If you’re ready to level up your working knowledge of literature and language, check out these five popular TED-Ed Lessons:
We hear anywhere from 10 to 200 lies a day. And although we’ve spent much of our history coming up with ways to detect these lies by tracking physiological changes in their tellers, these methods have proved unreliable. Is there a more direct approach? Noah Zandan uses some famous examples of lying to illustrate how we might use communications science to analyze the lies themselves.
What trials unite not only Harry Potter or Frodo Baggins but many of literature’s most interesting heroes? And what do ordinary people have in common with these literary heroes? Matthew Winkler takes us step-by-step through the crucial events that make or break a hero.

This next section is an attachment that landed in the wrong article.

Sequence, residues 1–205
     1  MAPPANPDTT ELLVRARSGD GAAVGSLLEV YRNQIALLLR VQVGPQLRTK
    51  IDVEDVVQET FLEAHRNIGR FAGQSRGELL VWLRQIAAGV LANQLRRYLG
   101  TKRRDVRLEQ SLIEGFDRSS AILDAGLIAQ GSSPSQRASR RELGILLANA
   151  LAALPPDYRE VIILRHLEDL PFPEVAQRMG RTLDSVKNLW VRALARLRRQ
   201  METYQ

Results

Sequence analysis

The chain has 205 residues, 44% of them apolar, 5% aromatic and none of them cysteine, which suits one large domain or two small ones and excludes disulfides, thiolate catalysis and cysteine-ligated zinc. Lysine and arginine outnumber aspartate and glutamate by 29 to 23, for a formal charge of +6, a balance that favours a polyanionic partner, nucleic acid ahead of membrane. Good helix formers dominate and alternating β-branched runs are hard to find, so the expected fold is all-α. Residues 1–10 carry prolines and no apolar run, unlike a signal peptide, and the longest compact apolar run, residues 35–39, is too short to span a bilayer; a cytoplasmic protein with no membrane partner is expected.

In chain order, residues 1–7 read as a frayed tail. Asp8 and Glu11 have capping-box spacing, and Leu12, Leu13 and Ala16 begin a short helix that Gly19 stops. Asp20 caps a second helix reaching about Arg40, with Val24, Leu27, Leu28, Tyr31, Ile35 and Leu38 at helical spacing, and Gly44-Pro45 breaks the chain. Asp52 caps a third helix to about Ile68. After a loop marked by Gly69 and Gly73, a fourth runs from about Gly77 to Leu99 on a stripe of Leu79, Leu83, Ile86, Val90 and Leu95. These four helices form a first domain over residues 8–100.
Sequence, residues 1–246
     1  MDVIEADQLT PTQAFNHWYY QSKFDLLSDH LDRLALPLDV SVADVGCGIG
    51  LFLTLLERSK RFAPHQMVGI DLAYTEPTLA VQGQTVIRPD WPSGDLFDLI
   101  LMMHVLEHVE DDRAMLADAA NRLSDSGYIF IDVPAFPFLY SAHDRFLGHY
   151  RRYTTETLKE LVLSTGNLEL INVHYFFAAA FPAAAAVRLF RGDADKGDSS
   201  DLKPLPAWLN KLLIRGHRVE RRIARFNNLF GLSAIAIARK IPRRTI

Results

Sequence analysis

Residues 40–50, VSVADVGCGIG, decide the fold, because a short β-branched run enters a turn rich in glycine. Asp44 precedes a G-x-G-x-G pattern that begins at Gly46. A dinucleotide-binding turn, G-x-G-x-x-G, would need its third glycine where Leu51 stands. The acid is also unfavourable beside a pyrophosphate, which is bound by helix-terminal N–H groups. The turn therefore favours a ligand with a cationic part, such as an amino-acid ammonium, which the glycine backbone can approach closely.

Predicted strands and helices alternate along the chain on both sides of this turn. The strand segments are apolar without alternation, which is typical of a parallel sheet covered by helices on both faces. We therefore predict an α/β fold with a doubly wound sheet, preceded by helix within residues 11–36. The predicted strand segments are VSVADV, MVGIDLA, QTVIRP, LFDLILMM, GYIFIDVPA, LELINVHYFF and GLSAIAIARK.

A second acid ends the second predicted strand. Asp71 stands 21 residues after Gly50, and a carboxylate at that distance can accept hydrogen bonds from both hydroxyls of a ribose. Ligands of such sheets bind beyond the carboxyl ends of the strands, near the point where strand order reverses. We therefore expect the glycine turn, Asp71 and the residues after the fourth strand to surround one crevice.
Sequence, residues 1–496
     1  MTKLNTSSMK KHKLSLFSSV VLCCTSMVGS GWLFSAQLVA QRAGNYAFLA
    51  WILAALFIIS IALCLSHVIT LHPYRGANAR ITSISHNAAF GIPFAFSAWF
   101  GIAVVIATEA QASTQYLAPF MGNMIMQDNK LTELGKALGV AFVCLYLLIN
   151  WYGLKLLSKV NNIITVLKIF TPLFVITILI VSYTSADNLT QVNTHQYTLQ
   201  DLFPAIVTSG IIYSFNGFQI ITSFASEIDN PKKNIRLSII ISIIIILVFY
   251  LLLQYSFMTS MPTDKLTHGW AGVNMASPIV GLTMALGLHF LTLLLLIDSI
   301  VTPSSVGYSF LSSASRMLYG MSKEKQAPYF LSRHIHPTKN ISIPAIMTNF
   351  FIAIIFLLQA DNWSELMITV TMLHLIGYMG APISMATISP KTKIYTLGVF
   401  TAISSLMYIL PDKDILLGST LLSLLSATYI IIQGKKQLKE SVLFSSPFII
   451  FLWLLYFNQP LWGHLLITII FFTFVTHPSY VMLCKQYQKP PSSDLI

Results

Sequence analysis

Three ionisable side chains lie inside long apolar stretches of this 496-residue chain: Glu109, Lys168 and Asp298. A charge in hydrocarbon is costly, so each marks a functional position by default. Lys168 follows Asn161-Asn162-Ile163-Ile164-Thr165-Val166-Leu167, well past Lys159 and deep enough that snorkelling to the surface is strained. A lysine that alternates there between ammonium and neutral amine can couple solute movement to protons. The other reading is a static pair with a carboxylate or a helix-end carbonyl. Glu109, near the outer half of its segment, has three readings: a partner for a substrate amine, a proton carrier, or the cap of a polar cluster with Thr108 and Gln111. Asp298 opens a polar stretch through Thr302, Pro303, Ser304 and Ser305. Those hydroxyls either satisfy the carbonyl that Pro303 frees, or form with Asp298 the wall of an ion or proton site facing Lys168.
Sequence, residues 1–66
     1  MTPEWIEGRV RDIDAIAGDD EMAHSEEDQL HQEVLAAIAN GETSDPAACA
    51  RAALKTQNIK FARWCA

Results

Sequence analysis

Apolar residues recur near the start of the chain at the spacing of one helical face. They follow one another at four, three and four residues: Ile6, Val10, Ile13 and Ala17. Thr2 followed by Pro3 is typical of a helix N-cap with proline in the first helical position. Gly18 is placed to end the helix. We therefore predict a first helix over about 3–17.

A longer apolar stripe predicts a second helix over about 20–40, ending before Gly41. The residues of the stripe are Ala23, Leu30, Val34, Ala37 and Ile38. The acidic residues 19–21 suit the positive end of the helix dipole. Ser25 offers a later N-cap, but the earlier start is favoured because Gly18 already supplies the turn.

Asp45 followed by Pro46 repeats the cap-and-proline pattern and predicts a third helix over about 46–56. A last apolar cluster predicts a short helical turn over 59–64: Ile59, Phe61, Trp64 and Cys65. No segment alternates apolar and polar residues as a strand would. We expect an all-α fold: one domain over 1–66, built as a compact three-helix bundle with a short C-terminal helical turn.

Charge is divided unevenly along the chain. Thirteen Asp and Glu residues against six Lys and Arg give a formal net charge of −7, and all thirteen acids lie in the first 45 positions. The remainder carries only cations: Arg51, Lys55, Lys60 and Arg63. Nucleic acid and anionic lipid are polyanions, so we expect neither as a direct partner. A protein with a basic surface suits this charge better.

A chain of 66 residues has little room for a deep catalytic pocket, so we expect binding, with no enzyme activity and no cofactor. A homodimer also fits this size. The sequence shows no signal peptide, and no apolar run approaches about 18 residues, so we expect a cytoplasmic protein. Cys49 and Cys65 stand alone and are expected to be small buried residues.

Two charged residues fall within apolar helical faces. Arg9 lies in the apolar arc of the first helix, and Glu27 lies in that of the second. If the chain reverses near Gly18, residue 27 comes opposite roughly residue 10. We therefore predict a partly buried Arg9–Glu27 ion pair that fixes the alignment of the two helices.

Why is J.R.R. Tolkien’s Lord of the Rings trilogy so compelling? How about The Matrix or Harry Potter? What makes these disparate worlds come alive are clear, consistent rules for how people, societies — and even the laws of physics — function in these fictional universes. Author Kate Messner offers a few tricks for you, too, to create a world worth exploring in your own words.
The term Kafkaesque has entered the vernacular to describe unnecessarily complicated and frustrating experiences, especially with bureaucracy. But does standing in a long line to fill out confusing paperwork really capture the richness of Kafka’s vision? Beyond the word’s casual use, what makes something “Kafkaesque”? Noah Tavlin explains.
What do Game of Thrones’ Dothraki, Avatar’s Na’vi, Star Trek’s Klingon and LOTR’s Elvish have in common? They are all fantasy constructed languages, or conlangs. Conlangs have all the delicious complexities of real languages: a high volume of words, grammar rules, and room for messiness and evolution. John McWhorter explains why these invented languages captivate fans long past the rolling credits.